Islamists threaten marches towards Myanmar to protest repression on Muslims
November 25th, 2016 at 8:08 pm
Islamists threaten marches towards Myanmar to protest repression on Muslims

Dhaka – Several thousand Islamists on Friday paraded streets in Bangladesh asking the Myanmar authorities to stop ‘genocide on Muslims’ on the Rakhine state.

The protesters under the banner of Hefajat-e-Islam Bangladesh also urged Bangladeshi government to keep the border open to allow the persecuted Muslims to cross the border for shelter.

“It is our duty to provide shelter to the oppressed Muslims. We call the government to keep open the border to let them in with refugee status,” Junayed Babunagari, a leader of the group, asked Prime Minister Sheikh Hasina at a rally in Chittagong.

Activists of the Hefajat-e-Islam Bangladesh, a radical Islamist group campaigning for Islamic law, also marched streets in the capital Dhaka after Friday prayers to protest the repression on Muslim minority group by Myanmar army in the Rakhine state.

Babunagari said the activists will begin a road-march towards Myanmar unless the “repression on Muslims’ is stopped.

The group announced a rally for December 2 in south-eastern Bangladeshi district of Cox’s Bazar bordering Myanmar to protest what the Islamists say cleansing operation against Muslims by the Burmese army.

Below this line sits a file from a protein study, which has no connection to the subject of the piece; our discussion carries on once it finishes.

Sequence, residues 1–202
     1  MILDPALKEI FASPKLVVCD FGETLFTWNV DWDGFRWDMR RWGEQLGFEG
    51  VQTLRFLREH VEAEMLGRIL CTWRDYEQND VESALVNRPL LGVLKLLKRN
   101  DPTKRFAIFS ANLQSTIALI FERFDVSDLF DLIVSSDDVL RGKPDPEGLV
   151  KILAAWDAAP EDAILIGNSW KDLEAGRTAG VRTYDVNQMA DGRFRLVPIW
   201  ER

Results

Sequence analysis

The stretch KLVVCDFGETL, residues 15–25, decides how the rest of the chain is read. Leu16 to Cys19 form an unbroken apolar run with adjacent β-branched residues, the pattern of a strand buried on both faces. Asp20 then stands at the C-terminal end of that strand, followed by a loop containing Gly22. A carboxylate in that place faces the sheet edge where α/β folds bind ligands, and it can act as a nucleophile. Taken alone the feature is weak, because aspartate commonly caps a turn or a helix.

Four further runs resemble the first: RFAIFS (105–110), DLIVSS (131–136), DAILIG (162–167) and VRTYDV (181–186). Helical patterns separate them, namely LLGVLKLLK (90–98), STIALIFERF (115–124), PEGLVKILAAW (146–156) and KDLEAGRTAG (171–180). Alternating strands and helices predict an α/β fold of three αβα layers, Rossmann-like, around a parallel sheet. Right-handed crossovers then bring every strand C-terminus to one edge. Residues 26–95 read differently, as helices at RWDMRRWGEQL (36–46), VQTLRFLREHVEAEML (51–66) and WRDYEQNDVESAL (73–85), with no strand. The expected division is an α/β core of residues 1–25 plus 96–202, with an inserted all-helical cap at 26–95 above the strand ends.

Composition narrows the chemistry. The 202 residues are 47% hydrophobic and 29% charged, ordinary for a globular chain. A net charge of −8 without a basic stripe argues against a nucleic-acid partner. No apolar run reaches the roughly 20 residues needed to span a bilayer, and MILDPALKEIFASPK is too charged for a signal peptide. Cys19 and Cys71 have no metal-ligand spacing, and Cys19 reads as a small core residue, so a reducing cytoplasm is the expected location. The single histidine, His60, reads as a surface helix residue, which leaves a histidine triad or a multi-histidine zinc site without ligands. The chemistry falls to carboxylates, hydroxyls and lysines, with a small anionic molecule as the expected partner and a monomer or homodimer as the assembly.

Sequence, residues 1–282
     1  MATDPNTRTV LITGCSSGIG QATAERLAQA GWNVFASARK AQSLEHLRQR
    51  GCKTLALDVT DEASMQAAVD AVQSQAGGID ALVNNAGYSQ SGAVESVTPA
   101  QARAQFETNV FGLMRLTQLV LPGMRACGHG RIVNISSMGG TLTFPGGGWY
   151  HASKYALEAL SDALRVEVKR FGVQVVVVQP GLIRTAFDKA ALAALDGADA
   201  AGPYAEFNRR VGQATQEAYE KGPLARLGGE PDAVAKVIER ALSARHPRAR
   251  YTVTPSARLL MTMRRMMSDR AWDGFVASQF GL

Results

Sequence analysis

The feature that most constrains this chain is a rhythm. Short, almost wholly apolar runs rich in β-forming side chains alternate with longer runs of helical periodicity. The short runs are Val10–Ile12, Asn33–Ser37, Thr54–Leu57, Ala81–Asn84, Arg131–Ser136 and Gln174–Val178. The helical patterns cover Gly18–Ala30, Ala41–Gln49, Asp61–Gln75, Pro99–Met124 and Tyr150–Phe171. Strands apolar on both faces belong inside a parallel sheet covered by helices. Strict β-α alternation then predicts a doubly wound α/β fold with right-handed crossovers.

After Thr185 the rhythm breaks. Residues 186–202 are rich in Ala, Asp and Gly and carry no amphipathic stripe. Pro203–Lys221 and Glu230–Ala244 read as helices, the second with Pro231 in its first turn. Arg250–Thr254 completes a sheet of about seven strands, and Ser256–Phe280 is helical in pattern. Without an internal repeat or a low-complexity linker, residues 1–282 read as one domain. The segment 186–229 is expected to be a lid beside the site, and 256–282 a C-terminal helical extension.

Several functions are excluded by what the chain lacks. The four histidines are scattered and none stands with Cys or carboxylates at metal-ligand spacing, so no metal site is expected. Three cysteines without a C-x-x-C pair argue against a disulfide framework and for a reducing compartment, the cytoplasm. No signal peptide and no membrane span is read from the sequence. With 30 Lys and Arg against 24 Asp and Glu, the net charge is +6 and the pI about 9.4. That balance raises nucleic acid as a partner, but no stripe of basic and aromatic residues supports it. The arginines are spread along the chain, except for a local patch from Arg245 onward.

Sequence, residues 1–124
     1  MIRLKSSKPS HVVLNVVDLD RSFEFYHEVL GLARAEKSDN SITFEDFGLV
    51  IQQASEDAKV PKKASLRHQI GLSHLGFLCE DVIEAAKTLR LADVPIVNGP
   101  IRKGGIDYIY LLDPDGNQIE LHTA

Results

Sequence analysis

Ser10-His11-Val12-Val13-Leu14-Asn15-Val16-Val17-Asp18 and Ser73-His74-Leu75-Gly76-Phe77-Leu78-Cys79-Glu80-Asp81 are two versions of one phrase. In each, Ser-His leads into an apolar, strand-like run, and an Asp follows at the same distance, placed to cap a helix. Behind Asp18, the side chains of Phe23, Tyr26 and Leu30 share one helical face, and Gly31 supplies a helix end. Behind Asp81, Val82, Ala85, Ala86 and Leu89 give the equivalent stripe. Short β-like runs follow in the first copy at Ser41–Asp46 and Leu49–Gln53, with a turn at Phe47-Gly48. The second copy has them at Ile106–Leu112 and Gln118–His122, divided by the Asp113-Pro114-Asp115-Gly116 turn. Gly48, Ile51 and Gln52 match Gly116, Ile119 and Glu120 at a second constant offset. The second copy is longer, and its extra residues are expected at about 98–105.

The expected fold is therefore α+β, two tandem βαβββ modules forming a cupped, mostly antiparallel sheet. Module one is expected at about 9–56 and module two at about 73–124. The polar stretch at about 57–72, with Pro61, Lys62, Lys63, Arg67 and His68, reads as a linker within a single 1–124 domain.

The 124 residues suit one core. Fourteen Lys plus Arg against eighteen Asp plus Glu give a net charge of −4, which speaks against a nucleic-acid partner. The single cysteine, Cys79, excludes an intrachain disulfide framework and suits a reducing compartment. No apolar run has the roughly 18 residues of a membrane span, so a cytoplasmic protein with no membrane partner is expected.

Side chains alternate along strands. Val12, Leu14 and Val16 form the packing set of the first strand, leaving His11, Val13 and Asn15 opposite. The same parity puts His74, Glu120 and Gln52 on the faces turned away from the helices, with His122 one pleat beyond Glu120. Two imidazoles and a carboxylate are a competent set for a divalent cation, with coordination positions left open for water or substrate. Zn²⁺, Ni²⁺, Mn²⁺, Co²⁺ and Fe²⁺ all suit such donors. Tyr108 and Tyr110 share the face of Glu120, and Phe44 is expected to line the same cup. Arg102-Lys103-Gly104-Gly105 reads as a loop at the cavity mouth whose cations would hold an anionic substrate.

Many Rohingya Muslims entered neighbouring Bangladesh despite the fact that Dhaka had been trying to prevent their influx. The government alerted its border guards on land and sea so that none could travel onto Bangladesh without a valid document.

Several hundred Rohingya Muslims remained stationed on boats in Naf rivers as they flee from their homes in Rakhaine state. Many others are waiting on the bank of the river to find a chance to cross the border.

Over the past weeks, more than 500 Rohingya Muslims, including women and children, slipped through the porous border into Bangladesh territory despite the vigilance, according to local residents.

The chief of Border Guard Bangladesh admitted the fact, but he did not mention the number of people crossed the border.

“The Rohingyas who entered illegally will be sent back to their homes once the situation is normalized,” Major General Abul Hossain, chief of Bangladesh’s border force, told reporters after a visit to the bordering district.

He said the paramilitary troopers have identified the loops that the intruders used and ensured that more troops will be mobilized in those places.

The border guards, put on alert after Naypyidaw launched a counter-insurgency operation in Myanmar’s Rakhine State, pushed more than 400 Rohingyas back into Myanmar as they attempted to cross different border points in the past week.

More than 100 Rohingya Muslims have reportedly been killed in the Myanmar’s counter-insurgency sweeps.

Bangladesh is already burdened with nearly 29,000 Rohingya documented as refugees have lived in two squalid camps in the Bangladeshi border district of Cox’s Bazar, ever since the 1990s, when they were driven out of Myanmar.

The number of undocumented Rohingya living in Bangladesh is estimated to be between 200,000 and 500,000.

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